Oklahoma’s Men’s College World Series win is a result of a former Yankee coach’s return home to his alma mater

OMAHA, Neb. — The ball is out of the glove of third baseman. John Spikerman isn't aware of this because he's sprinting from first to third base. He's also been tagged for a right-field rocket throw. He doesn't realize he's about be part of a viral seamhead video.

Spikerman, a freshman on the Oklahoma baseball team is playing in front 25,000 people at this year's Men's College World Series. Spikerman didn't start the game until just before Easter. A play like this can be collateral damage if you are part of an offense with “chaos” as its theme.

The ball bounces off Jack Brannigan, Notre Dame's third baseman, and Spikerman flies off the bag as he thinks he's out. Brannigan grabs the ball and tags him casually on the back.

Spikerman meets Reggie Willits (assistant coach), in the dugout. Willits was, one year ago, the New York Yankees' first base coach.

Willits says to Willits, “I love your aggression.”

Coming home

Oklahoma is just one win away from the MCWS Finals. The Sooners will play Arkansas Wednesday (2 p.m.). ET, ESPN. The team was returning from practice Tuesday when they stopped at the hill where Rosenblatt Stadium used to be. It was at the ‘Blatt that Oklahoma won its last national championship. It was 1994.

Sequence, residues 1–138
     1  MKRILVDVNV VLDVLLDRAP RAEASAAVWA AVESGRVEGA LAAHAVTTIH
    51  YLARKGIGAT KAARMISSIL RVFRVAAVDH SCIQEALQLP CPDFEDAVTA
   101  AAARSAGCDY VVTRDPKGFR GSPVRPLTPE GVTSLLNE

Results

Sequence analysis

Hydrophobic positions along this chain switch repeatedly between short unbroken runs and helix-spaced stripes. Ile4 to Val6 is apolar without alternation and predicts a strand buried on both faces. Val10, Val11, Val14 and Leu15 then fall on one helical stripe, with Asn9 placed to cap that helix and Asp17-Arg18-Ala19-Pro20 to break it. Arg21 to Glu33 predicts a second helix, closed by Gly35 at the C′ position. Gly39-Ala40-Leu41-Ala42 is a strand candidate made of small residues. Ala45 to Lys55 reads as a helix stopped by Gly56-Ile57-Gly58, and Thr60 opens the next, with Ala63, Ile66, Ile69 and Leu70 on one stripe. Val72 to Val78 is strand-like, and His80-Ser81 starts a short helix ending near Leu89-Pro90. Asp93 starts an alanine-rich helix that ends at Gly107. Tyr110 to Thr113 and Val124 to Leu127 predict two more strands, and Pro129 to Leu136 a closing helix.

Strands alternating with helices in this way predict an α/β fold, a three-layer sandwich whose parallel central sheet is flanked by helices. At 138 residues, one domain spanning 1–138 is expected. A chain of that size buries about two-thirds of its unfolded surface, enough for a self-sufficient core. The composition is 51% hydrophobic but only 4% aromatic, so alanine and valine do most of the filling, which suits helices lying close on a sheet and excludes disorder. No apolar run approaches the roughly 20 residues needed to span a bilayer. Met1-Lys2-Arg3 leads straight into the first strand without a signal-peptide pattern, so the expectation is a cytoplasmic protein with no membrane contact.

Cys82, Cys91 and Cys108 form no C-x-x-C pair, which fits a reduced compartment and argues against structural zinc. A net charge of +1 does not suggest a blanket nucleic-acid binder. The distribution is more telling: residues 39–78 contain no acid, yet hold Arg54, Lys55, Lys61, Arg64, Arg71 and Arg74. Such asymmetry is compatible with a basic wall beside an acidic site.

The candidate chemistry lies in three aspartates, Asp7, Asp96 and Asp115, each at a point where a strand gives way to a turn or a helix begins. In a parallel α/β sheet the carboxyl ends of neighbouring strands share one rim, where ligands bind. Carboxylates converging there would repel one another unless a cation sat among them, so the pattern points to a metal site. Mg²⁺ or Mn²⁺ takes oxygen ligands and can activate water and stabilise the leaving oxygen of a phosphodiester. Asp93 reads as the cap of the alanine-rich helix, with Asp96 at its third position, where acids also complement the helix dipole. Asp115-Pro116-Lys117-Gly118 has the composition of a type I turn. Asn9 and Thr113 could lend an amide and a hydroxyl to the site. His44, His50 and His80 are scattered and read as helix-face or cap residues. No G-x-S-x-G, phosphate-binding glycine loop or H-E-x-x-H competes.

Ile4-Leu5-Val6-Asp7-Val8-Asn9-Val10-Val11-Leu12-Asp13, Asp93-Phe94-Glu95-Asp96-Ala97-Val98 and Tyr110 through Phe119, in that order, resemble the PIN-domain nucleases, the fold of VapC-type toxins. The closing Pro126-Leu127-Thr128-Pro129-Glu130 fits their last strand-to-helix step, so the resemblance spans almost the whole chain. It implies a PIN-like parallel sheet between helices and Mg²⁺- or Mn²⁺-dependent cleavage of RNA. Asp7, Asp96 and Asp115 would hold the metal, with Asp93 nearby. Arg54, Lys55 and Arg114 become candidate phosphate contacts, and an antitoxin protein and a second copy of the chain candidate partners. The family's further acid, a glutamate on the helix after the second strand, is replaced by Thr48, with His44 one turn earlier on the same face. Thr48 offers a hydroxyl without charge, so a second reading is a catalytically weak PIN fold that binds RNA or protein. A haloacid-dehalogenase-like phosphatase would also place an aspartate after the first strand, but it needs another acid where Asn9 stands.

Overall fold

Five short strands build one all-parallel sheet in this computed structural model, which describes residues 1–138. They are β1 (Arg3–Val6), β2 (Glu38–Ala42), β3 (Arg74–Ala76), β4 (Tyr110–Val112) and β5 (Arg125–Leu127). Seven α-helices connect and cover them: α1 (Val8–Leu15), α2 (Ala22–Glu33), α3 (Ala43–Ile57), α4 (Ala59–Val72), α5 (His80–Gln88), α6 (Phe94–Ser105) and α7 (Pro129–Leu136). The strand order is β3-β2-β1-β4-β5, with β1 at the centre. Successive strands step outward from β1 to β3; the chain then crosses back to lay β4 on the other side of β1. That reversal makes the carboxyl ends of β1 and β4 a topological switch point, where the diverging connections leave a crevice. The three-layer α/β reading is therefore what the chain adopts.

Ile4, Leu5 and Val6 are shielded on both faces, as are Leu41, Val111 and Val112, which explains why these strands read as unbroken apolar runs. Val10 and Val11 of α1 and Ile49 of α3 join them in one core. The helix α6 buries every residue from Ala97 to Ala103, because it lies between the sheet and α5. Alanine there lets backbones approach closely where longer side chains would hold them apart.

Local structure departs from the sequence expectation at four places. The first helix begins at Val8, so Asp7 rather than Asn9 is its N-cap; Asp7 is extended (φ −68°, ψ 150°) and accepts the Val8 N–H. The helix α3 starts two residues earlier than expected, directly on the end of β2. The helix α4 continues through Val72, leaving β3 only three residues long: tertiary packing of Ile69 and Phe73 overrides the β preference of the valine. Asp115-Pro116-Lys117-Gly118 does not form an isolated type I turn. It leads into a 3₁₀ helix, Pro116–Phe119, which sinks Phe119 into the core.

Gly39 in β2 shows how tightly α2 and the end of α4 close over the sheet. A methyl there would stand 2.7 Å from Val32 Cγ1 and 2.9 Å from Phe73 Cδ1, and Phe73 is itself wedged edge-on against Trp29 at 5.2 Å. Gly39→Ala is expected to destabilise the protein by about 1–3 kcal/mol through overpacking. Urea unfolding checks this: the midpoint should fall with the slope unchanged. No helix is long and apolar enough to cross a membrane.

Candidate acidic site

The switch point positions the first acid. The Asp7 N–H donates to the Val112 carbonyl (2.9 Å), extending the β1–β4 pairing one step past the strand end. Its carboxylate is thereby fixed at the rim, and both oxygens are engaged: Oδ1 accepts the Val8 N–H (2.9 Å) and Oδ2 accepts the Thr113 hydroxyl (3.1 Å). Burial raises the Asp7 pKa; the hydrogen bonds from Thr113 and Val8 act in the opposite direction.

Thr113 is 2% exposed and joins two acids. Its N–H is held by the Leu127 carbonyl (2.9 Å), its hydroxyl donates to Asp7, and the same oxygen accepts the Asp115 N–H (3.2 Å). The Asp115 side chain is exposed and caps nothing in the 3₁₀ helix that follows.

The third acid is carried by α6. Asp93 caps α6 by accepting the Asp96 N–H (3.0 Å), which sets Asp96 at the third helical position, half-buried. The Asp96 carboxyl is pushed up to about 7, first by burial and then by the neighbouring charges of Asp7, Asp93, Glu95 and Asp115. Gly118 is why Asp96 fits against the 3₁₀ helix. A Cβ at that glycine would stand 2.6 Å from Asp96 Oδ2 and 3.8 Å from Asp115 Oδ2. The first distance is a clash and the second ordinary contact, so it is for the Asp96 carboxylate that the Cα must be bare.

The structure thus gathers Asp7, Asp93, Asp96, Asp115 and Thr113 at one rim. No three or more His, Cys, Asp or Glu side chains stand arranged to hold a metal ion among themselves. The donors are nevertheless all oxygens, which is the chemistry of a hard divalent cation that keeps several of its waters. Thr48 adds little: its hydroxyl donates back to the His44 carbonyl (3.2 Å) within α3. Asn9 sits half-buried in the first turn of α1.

Willits was unable to attend Tuesday's high school senior graduation, so he stayed behind to help Jaxon in the batting boxes.

Willits saw Jaxon play before he left the Yankees last fall to become a volunteer assistant coaching coach at his alma mater.

Jaxon stated, “It's an adjustment.” It's a welcome adjustment. My mom seems more relaxed now, I'd say. She isn't as stressed and uptight now.”

Reggie was in an apartment outside New York City. Amber Willits, the family's cattle ranch owner in Fort Cobb Oklahoma, was managing the ranch and shuffled their boys (they have 3). Reggie said, “I married an angel.”

In sixth grade, he met and married his wife in Fort Cobb (population 634). They both went to OU together. The Angels drafted Willits in the seventh round of 2003. In that year, they made plans to build Fort Cobb's 3,000-square-foot house. Indoor batting cage was the first thing to be built. The New York Times published a story about them in 2007. They lived in an indoor cage together with Jaxon during Willits' rookie year.

Willits was fifth in the American League Rookies of the Year voting. He stole 27 bases and hit.293 that year with 69 walks. After an Achilles' injury, Willits retired and coached high-school baseball at Binger Oney in Oklahoma.

He was hired by the Yankees in 2015 to be their outfield coordinator and baserunning coordinator.

Although he loved his job with the Yankees, he hated the stress it placed on Amber. He longed for more time with his loved ones. Amber would take notes of every at-bat and text them to their sons. He claimed that they “lived and died” because of those messages.

He was in an apartment in Dobbs Ferry, New York. Although he was not comfortable living there, some OU alums knew Willits and inquired about Willits' availability. They knew he was desperate to return to Oklahoma.